Legislature(1995 - 1996)
04/23/1996 03:43 PM STA
* first hearing in first committee of referral
= bill was previously heard/scheduled
= bill was previously heard/scheduled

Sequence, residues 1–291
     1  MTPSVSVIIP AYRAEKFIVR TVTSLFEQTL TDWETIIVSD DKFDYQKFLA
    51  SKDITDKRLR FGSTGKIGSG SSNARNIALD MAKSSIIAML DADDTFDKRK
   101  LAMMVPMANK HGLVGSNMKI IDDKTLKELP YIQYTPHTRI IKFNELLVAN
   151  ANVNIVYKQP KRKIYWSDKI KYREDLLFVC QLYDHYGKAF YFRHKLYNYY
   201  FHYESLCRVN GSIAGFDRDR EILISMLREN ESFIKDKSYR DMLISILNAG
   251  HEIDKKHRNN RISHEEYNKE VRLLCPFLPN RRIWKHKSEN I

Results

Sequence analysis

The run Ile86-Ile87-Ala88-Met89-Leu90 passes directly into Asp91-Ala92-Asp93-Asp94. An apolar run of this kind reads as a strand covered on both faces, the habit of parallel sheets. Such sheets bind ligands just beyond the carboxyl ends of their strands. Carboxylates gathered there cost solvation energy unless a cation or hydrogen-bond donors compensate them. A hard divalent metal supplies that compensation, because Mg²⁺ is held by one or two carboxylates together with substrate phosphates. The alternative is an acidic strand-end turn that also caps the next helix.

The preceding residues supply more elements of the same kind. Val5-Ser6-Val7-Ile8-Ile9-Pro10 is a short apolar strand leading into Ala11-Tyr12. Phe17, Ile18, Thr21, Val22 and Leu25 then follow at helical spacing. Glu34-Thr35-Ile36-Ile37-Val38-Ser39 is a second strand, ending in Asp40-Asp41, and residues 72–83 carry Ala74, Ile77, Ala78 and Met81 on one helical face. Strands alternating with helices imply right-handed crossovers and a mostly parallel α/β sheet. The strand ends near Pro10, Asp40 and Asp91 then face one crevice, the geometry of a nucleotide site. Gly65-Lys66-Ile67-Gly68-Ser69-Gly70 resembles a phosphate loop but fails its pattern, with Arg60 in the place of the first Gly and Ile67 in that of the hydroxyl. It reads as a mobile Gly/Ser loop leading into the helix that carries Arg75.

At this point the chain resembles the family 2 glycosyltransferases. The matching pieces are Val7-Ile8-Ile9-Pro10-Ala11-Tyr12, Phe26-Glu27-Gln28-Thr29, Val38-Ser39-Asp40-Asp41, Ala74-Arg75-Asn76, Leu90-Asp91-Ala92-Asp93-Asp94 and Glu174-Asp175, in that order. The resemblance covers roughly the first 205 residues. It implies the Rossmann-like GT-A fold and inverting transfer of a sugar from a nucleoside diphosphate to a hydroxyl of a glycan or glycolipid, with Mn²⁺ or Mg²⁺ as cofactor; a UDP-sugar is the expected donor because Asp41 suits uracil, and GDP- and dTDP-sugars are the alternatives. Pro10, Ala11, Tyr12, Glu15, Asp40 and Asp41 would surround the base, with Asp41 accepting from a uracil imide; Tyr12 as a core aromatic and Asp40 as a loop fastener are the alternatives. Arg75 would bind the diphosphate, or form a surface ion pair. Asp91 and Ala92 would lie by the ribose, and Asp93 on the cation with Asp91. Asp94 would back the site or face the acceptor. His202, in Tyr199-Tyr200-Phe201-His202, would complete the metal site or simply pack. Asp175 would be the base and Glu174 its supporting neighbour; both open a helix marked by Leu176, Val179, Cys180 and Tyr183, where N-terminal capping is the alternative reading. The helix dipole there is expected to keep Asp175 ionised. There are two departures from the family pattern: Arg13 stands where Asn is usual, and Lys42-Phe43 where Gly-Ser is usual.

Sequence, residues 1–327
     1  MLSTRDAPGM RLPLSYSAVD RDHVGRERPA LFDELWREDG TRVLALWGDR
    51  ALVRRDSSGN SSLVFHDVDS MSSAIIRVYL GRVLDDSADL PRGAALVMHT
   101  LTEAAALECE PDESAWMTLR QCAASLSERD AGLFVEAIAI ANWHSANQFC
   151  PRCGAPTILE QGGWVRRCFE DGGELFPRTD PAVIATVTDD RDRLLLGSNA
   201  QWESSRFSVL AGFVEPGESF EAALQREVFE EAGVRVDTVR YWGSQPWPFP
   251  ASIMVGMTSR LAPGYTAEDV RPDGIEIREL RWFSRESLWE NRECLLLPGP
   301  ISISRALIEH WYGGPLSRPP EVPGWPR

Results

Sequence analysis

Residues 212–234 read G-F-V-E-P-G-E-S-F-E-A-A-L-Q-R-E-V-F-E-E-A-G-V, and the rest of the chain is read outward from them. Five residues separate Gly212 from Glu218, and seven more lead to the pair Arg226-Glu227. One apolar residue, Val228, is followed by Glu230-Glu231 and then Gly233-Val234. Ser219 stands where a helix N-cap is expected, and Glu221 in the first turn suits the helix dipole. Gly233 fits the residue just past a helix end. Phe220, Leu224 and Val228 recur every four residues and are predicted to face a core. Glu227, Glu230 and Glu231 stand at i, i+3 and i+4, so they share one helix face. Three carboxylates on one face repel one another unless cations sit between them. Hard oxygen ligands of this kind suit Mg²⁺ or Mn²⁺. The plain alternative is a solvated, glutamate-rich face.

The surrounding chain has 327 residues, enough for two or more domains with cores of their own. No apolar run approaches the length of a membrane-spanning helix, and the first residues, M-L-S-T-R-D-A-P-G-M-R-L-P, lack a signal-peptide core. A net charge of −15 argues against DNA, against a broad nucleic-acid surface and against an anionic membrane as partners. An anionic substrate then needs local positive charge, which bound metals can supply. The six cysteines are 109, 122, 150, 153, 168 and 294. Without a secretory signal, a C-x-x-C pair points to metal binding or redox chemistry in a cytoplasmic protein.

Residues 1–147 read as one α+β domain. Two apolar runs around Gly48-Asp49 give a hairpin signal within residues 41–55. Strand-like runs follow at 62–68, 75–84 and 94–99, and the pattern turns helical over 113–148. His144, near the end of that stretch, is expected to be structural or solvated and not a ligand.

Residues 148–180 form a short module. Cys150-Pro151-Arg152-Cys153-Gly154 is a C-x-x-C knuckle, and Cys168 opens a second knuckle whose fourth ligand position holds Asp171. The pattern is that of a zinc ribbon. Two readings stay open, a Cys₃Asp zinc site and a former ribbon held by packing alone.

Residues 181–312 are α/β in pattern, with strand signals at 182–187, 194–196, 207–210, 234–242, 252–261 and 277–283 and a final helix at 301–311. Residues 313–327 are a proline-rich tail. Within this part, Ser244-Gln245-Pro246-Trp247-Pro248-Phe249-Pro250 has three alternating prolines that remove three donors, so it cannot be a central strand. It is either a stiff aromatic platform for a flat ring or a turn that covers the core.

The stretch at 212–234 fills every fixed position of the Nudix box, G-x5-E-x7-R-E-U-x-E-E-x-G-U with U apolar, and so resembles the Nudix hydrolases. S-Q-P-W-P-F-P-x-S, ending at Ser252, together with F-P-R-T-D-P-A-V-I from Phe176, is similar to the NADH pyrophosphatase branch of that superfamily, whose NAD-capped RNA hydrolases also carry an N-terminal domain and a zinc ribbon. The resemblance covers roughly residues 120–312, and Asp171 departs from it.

SENATE STATE AFFAIRS COMMITTEE April 23, 1996 3:43 p.m. MEMBERS PRESENT Senator Bert Sharp, Chairman Senator Randy Phillips, Vice-Chairman Senator Loren Leman MEMBERS ABSENT Senator Jim Duncan Senator Dave Donley COMMITTEE CALENDAR CS FOR HOUSE BILL NO. 384(HES) am "An Act relating to payment requirements for retention in the Pioneers' Home; and providing for an effective date." CS FOR HOUSE BILL NO. 364(JUD) am "An Act amending, in the Election Code, the definition of the offense of unlawful interference with voting in the first degree, a class C felony, and adding, for all `knowing' violations of election offenses set out in the Election Code, a cross-reference to the definition of the word `knowing' in the Criminal Code." PREVIOUS SENATE COMMITTEE ACTION HB 384 - No previous Senate committee action. HB 364 - No previous Senate committee action. WITNESS REGISTER Representative Norman Rokeberg State Capitol, Juneau, AK 99801-1182¶(907)465-4968 POSITION STATEMENT: prime sponsor of HB 384 Patti Swenson, Aide Representative Con Bunde State Capitol, Juneau, AK 99801-1182¶(907)465-4843 POSITION STATEMENT: prime sponsor of HB 364 Harold J. Curran, Acting Chief of Staff Office of the Mayor North Slope Borough P.O. Box 69, Barrow, AK 99723¶(907)852-2611 POSITION STATEMENT: submitted written testimony on HB 364 Diane Shriner Division of Elections P.O. Box 110017, Juneau, AK 99811-0017¶(907)465-4611 POSITION STATEMENT: supports HB 364 ACTION NARRATIVE HB 384 PIONEERS' HOME - INABILITY TO PAY TAPE 96-31, SIDE A Number 001 CHAIRMAN SHARP called the Senate State Affairs Committee to order at 3:43 p.m. and brought up HB 384 as the first order of business before the committee. He called the prime sponsor to testify. REPRESENTATIVE NORMAN ROKEBERG, prime sponsor of HB 384, stated the bill would make statutory what has been standard policy since the beginning of the Pioneers' Homes in Alaska: that residents who cannot pay are not evicted. Representative Rokeberg read the sponsor statement for HB 384. He drew committee members' attention to the new rate schedule contained in their bill packets. That rate schedule will take effect for residents of pioneers' homes on July 1, 1996. It will increase the cost pioneers' home residents pay over a seven year period, after which, rates paid would be equal to the cost of care. Rates will increase 50% in FY 97. If residents do not have enough money to pay the fees, they need the protection that HB 384 will provide. The Ombudsman issued a memo to the Speaker of the House and the President of the Senate this year which asked the legislature to put into statute or regulation every department policy that has not been set in statute or regulation. This issue is one of a number of unwritten policies of the State of Alaska. HB 384 would not result in any additional cost to the State of Alaska. The department supports the bill. Right now, the Governor's budget calls for $2,500,000.00 in increased revenues this year from the pioneers' home fee schedule increases, while it is estimated that only $1,500,000.00 will not be provided from people who cannot pay. REPRESENTATIVE ROKEBERG stated two primary issues were brought up in the House relating to HB 384. One was the spending down phenomenon, or what would happen if a person going into a pioneers' home attempted to avoid payments by dispersal of their assets. Currently there are regulations and statutes requiring that the department look back for two years at a new resident's total asset picture to ensure there was no giving away or selling at less than market value of assets. The department is looking at extending that picture to three years. So that concern is addressed. The second issue came up in the House State Affairs Committee. That issue was perhaps holding harmless existing residents, but giving no protection to future residents. Representative Rokeberg stated there is a legal opinion in members' bill packets stating a provision like that would be unconstitutional. Other people have asked how we could do that with the longevity bonus in that case, but Representative Rokeberg thinks that's probably unconstitutional also. He asked for support of HB 384. Number 155 SENATOR RANDY PHILLIPS asked how much money the pioneers' homes get in fees from residents. REPRESENTATIVE ROKEBERG replied he doesn't have that figure. CHAIRMAN SHARP offered that it is about $4,500,000.00 to $5,000,000.00. SENATOR RANDY PHILLIPS stated the homes are not paying for themselves through residents. We are also spending another $73,000,000.00 on the longevity bonus program. REPRESENTATIVE ROKEBERG thinks that an empty-nest couple in this state probably has benefits in excess of $11,000.00 per year. SENATOR RANDY PHILLIPS stated that oil revenues are declining, and we want to reduce the budget. So there is a dilemma that we are spending this money. REPRESENTATIVE ROKEBERG agreed with Senator Phillips that we need to look at all of these programs, and that we need to make reductions. But the Governor, in raising the fee schedule, answers that question. Certainly, the long-range financial projections are such that the residents will be making a greater contribution to the cost of those homes. But we all recognize that many of these people do not have the financial capabilities to do that. One alternative that's been discussed is to make the pioneers' homes eligible for medicaid payments in the state. We could easily do that, however, there is the phenomenon of medi-grants. Representative Rokeberg predicts that within one year the State of Alaska will be faced with a block grant for medicaid money. Therefore, we would simply be taking that money out of one pocket and putting it in another. That really wouldn't help the state financially. He thinks it would end up hurting the state, because we would be putting more of our assets into senior services and the pioneer homes than we would for other eligible medicaid requirements. Raising the fees is a good long-range proposition. REPRESENTATIVE ROKEBERG stated that in law is the term "promissory estoppel" is applicable to this situation. SENATOR RANDY PHILLIPS asked if fees at pioneers' homes include food. REPRESENTATIVE ROKEBERG responded the fees include room and board. Over 80% of residents are in assisted living or other levels of care. Number 255 SENATOR LEMAN disagreed that the changes made to the longevity bonus program were unconstitutional; that was not the advice received from the Department of Law. REPRESENTATIVE ROKEBERG replied he meant to say that may be unconstitutional. CHAIRMAN SHARP stated he has heard concern voiced by people in the Fairbanks Pioneers' Home over the fee increases also. HB 384 would resolve a lot of doubt that residents and their families have. He asked if there were any other comments on the bill. Hearing none, he asked the pleasure of the committee. Number 300 SENATOR LEMAN made a motion to discharge HB 384 from the Senate State Affairs Committee with individual recommendations. Number 310 CHAIRMAN SHARP, hearing no objection, stated HB 384 was discharged from the Senate State Affairs Committee. HB 364 ELECTION CRIMES; INTERFERENCE W/VOTING CHAIRMAN SHARP brought up HB 364 as the next order of business before the Senate State Affairs Committee. He called a representative of the prime sponsor to testify. Number 315 PATTI SWENSON, Aide to Representative Con Bunde, prime sponsor of HB 364, stated the impetus for the bill was the Dansereau v. Ulmer lawsuit, which deals in part with the unlawful interference with voting in the first degree. The purpose of HB 364 is to align state law with federal law. This would clarify that people cannot be paid to vote in Alaska. Ms. Swenson urged support of HB 364. HAROLD J. CURRAN, North Slope Borough, Office of the Mayor, submitted written testimony: CSHB 364 (JUD) am is significantly better than the original bill, which would, among other things, make any person who drove a neighbor to the polls a felon. Before the legislature tries to make the North Slope Borough's efforts to give its residents equal access to the voting booth illegal, please consider the following: 1. The State of Alaska is obligated under the Voting Rights Act to pre-clear changes to its election laws; 2. Giving a voter transportation to or from the polls is significantly easier in urban Alaska due to government subsidized roads and telephone systems; 3. The only way to give rural Alaskans assistance in getting to the polls, the overwhelming majority of whom subsist for extended periods of time at great distance from their limited road and phone systems, is to reimburse them for the cost of transportation to and from the polls; 4. The failure to give rural residents equal access to the polls is anti-democratic and is likely a denial of equal protection under the Alaska State Constitution; 5. Since the majority of rural residents are native, denial of equal access to the polls is a violation of the Voting Rights Act; 6. The proposed language set out below will cure these problems: AS 15.56.030 (G) a voter's costs for transportation to or from the polls. There is not need to scope the above language for rural Alaska because the minimal cost for urban voters to get to the polls will regulate the use of this exception to AS 15.56.030(a)(2). Thank you for your time and consideration. Number 335 SENATOR LEMAN asked if, on page 2, line 14, "on" shouldn't be "of". MS. SWENSON stated her copy of the bill says "of". SENATOR LEMAN and other committee members state their copy says "on". MS. SWENSON replied that must be a typo. SENATOR LEMAN asked that be noted and corrected to "of". He asked Ms. Swenson if she's seen the memo from Harold Curran (see above). MS. SWENSON stated she has not seen the memo. She thinks perhaps Ms. Shriner from the Division of Elections could address that question. Number 360 DIANE SHRINER, Division of Elections, stated the bill would implement criminal penalties. However, the things the bill does not include are covered in Section 2, paragraph (2). SENATOR LEMAN thinks Section 2, paragraph (2) is a good response to Mr. Curran's memo. Senator Leman thinks the memo is incorrect. MS. SHRINER thinks it is incorrect also. She stated that when HB 364 was being drafted, the Division of Elections asked that some of these things be spelled out as specifically as possible, so the division appreciates the inclusion of those examples. The Division of Elections supports HB 364. CHAIRMAN SHARP asked the pleasure of the committee regarding HB 364. Number 380 SENATOR RANDY PHILLIPS made a motion to discharge HB 364 from the Senate State Affairs Committee with individual recommendations. SENATOR LEMAN objected for the purpose of reminding members of the typo that needs to be corrected. He also thinks the bill should have a retroactive date to 1994. MS. SWENSON stated the sponsor would support that. SENATOR LEMAN removed his objection. Number 390 CHAIRMAN SHARP, hearing no objection, stated HB 364 was discharged from the Senate State Affairs Committee. CHAIRMAN SHARP adjourned the Senate State Affairs Committee meeting at 4:12 p.m.